ENERGY

Russia throttles gas flows to Germany

Receiving station of the Nord Stream 1 in Mecklenburg-Western Pomerania, Lubmin Recieving station of Nord Stream 1 in Germany. Picture Alliance/Getty Images

Just as Europeans' pits start to dry from the heat wave, they're being forced to confront an entirely opposite problem: making sure there's heat for the colder months.

Russian state-run energy company Gazprom said that it's choking the flow of natural gas to Germany starting Wednesday to 20% of its typical capacity. That's giving major anxiety to European leaders who are already concerned about an energy crunch come the winter.

Gazprom claims it needs to lower capacity so it can fix a turbine in the 760-mile undersea pipeline. To that explanation, the German economy ministry responded with a more diplomatic version of "yeah, right." Ever since Russia invaded Ukraine in February—and then got slapped with Western sanctions—it's pulled back gas shipments to the EU and cited technical issues as justification.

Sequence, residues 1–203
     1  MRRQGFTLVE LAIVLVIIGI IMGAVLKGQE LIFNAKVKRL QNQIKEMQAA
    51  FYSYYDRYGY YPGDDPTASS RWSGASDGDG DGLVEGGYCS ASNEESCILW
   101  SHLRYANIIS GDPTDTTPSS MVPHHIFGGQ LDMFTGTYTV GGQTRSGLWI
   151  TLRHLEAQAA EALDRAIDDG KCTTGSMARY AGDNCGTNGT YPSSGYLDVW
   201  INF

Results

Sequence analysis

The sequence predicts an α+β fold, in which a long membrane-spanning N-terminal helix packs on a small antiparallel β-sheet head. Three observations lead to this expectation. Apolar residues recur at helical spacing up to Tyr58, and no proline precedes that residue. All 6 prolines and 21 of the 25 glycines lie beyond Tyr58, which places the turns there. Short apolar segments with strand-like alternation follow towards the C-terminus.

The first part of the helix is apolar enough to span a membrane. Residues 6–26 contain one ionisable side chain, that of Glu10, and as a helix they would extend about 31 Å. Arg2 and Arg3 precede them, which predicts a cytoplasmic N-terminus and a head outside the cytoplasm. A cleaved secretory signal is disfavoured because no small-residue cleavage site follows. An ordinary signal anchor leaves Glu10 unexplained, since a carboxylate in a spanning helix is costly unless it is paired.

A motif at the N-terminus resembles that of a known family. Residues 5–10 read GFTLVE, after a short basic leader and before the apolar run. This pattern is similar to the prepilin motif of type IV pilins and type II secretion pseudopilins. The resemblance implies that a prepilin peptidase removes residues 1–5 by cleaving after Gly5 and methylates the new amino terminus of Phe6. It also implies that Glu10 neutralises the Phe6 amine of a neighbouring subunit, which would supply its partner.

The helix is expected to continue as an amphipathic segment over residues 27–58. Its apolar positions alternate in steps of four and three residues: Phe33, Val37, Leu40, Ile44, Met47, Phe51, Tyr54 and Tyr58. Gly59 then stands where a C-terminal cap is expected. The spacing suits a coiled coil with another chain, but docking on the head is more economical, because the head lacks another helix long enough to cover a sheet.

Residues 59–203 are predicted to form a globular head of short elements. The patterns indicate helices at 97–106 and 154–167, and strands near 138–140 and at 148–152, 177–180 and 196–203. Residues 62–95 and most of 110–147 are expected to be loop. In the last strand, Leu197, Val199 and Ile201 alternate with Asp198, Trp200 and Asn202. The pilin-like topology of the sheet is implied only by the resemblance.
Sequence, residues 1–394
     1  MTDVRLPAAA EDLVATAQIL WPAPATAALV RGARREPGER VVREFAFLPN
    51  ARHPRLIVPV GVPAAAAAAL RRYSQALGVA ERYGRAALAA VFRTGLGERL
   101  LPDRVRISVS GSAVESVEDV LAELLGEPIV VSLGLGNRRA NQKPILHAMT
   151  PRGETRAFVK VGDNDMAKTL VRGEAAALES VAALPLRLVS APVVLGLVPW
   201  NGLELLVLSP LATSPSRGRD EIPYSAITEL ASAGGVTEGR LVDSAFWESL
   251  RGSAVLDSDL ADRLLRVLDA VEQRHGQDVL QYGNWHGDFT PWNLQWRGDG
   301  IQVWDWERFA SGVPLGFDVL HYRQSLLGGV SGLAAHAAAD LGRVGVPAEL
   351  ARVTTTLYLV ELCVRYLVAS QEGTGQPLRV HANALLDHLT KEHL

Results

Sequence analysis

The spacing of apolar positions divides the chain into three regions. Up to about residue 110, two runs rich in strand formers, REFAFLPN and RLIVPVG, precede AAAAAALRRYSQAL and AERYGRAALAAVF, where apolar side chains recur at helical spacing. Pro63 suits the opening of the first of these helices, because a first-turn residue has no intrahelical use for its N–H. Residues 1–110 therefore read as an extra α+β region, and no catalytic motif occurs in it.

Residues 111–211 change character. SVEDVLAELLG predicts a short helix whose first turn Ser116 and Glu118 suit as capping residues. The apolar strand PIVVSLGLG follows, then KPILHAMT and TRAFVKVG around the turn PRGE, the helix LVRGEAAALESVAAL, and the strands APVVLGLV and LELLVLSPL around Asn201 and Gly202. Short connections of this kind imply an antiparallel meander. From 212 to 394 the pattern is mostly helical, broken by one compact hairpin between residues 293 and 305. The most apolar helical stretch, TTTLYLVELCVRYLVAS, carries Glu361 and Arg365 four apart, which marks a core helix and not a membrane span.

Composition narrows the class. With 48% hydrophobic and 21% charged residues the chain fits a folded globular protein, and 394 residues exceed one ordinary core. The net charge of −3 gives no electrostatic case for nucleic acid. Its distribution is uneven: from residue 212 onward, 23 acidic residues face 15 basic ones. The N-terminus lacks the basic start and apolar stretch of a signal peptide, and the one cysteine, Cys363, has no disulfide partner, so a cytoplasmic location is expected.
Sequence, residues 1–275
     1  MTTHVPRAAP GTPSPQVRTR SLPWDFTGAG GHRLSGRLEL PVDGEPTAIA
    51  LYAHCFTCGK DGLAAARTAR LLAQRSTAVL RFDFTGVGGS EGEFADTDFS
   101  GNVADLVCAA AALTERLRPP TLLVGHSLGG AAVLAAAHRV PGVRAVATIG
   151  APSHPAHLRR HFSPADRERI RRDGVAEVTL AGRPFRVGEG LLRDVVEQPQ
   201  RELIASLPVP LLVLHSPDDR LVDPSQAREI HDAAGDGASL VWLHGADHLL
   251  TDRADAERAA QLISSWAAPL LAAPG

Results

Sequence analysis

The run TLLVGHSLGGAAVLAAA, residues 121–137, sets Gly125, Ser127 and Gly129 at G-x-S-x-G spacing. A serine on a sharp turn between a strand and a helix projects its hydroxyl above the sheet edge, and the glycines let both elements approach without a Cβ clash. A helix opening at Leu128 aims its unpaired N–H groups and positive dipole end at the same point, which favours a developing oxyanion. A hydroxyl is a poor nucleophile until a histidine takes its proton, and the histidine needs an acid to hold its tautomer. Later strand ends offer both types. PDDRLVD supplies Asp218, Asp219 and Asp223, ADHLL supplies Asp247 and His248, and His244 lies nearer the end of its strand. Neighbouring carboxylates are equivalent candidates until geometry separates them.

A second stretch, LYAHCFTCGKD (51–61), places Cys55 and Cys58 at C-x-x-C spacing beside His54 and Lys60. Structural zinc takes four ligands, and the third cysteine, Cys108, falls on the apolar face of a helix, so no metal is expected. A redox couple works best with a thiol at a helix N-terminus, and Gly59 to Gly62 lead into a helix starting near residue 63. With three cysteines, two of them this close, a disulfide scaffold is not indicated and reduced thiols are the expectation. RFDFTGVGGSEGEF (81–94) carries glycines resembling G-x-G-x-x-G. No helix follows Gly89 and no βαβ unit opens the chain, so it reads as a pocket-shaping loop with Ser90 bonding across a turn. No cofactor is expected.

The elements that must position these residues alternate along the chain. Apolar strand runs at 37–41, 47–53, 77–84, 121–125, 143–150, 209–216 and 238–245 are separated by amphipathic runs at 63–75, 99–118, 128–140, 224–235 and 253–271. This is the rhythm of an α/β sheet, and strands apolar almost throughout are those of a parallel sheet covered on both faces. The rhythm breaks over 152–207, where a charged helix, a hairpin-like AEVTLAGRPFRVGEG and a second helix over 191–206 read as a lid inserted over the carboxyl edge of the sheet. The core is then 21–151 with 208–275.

The EU believes that Russia is using its energy exports as a weapon to hit back at the West for the economic punishments it's had to endure.

And it's one powerful weapon. Pre-invasion, Germany relied on Russia for about 55% of its natural gas needs, giving Russia all sorts of geopolitical leverage, according to the NYT. Germany has since slashed its reliance down to 30%, but the European Commission wants countries to lower their share of Russian gas to 15% over the next seven months in case Putin turns off the faucet completely.—MM

        

SPORTS

The NFL is trusting itself with the smallest screen

A football game taking place on a cellphone Francis Scialabba

The NFL has decided that the best company to take a crack at streaming its games is itself. On Monday, the league launched its new streaming service, NFL+ (great name, no notes), for $4.99/month, or $39.99/year.